There’s probably tons of spoilers but i hope it’s the kind of spoilers that find their way into luring people who would be interested.
東京24区 is a contemporary BL game about Sonogi Akihiro, a member of ruling party in the House of Representatives. At a very young age (for a politician) of 29, he is a greenhorn popular with younger people and touted by the media as an ikemen politician but regularly thinks about how his popularity so far is based on his appearance rather than actual track record. The game takes place in 2020, 3 months before the International Athlete Festival (totally not the Olympics!) to be held in Japan, when a terror attack happens in Shibuya and kills over 20 people.
I was very surprisingly sucked into this game so I feel compelled to write something. It’s very rare that I come across an otomege with the structure of a scenario-driven eroge with (almost) forced route order and a long 伏線回収 type of true route (though I must admit that I am far from familiar with his genre). I’d be willing to go so far as to say that Shuuen no Virche is the game I would recommend for people interested in the genre coming in from general ADVs or eroge who wouldn’t mind playing something with a primarily male cast, as it reminded me a lot of the plot-driven eroge I’ve played and I think I even ended up appreciating the final route better because of this.
Not a “review” because the post ended up being incoherent ramblings as I think back to every route in Musicus. I considered cutting out large chunks of this to make a proper review that is actually meant for people to read but fuck it, I am leaving my diary here.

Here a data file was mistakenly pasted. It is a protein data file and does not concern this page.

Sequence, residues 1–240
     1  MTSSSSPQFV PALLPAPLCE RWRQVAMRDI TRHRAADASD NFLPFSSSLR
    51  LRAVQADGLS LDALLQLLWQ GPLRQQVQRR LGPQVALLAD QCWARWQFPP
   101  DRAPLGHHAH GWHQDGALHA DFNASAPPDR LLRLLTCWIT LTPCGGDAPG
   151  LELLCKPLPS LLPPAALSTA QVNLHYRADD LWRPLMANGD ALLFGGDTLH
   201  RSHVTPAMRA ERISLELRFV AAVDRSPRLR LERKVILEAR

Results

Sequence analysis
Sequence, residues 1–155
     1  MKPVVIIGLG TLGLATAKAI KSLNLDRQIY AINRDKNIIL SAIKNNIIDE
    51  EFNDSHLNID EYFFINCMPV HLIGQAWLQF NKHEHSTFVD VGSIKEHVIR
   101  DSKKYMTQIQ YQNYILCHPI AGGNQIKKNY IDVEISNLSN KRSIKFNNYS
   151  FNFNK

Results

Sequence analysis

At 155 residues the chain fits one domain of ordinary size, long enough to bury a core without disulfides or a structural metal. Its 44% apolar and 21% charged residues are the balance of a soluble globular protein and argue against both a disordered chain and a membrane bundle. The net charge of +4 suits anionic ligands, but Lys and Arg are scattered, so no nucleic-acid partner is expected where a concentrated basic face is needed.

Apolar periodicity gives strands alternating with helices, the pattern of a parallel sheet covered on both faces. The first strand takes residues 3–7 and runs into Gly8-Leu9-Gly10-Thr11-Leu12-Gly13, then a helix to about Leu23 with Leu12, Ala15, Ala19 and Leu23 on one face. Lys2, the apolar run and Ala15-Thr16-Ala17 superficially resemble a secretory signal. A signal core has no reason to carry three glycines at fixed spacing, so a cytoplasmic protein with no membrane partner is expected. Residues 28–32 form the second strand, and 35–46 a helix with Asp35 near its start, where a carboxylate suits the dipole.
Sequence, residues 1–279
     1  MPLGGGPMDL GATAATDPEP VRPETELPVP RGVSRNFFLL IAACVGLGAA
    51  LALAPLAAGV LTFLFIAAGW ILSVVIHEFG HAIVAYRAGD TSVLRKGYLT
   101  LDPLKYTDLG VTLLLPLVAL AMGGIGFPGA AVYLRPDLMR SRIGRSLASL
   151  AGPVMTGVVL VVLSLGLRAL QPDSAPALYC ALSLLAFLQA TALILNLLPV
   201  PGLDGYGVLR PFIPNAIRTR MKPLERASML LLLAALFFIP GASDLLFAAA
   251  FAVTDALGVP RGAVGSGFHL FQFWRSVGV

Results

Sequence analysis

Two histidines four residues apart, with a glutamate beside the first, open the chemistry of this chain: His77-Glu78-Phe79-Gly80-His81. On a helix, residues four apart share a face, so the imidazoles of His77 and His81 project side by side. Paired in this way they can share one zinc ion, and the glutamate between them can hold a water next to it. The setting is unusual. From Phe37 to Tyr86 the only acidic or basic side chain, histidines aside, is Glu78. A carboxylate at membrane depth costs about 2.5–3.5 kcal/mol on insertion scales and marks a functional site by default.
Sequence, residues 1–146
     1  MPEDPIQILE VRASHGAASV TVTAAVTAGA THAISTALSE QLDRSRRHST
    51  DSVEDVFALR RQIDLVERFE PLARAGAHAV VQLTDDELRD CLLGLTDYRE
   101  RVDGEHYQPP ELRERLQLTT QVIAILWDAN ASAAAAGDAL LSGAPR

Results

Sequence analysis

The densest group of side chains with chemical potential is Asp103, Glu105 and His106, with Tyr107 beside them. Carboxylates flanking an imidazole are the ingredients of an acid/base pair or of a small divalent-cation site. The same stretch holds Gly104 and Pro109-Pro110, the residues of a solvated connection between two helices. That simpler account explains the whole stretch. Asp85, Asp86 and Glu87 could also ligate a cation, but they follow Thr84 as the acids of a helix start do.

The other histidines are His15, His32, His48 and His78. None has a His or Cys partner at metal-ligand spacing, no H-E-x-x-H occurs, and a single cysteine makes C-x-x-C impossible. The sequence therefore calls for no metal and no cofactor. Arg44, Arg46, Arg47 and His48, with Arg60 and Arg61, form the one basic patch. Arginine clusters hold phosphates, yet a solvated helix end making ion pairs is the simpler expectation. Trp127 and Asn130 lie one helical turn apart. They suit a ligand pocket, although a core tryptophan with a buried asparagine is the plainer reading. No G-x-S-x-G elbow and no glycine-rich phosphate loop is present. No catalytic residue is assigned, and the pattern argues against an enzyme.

It has been a cursed year so far, but I am slowly breaking that curse this summer and finally getting back to playing some games.
Gnosia is an extremely unconventional work that took a team of 4 people over 4 years to develop. The main concept is a game of single player werewolf, set in a stage fitting for a futuristic space opera, where you loop back to the beginning after every game of werewolf regardless of result. It’s also a download-only title released exclusively for the PS Vita in June 2019, a few months after the handheld’s end of production was announced. Worry not, the developers’ previous game Maison de Maou has been ported to every console available so I’m sure Gnosia will at the very least get a Switch or PS4 port. Far too much time and effort has been put into the game for it to be left alone on a handheld that has pretty much ended its life.
Edit: I forgot to mention the biggest gamebreaking flaw of the game. It has no backlog.
I’m not done with everything I bought or wanted to play in 2017, but it’s almost halfway into 2018 and I just finished up the last “major release” of last year that I was interested in. Not going to write about stuff I already wrote about.
[I wrote most of this post last year but it quickly became extremely weird ramblings resulting from several stages of insane mental leaps so I never showed it to the public. I am lacking the juice to write a new post this year so I decided to publish this over a year later.]
Reiichi accidentally develops an intelligent AI who takes the form of a cute (and very young-looking) girl called Apeiria who makes her own massive network and has her create a complex VRMMO that mirrors all of the real world’s sensations and basic physics but with a magic system. After a day, the VRMMO turns into a ‘if you get forcibly logged out (through in-game death), you die irl” death game and Apeiria gets held captive by the game’s very system. The rest of the game is then a time-leaping adventure to save the loli AI, with loads of quantum mechanics infodumping and diagrams. And also lots of dick jokes. Reiichi’s power in the VRMMO is a literal dick sword that requires ejaculation in exchange for gamebreakingly powerful attacks.
You can tell this is Takumi’s series after all, because it felt like I was playing the original trilogy. There’s something comfortable about the game and the characterization that is reminiscent of the first three games, and the buildup from the lackluster first game paid off here in a very well structured and 王道 Gyakuten Saiban game. Compared to the craziness of Gyakuten Saiban 6 the cases are relatively modest and the final reveals are quite predictable, but the latter is clearly intended due to how well the games laid out clues and foreshadowing.
Entire post is spoilers since it’s impossible to talk about a sequel without spoilers.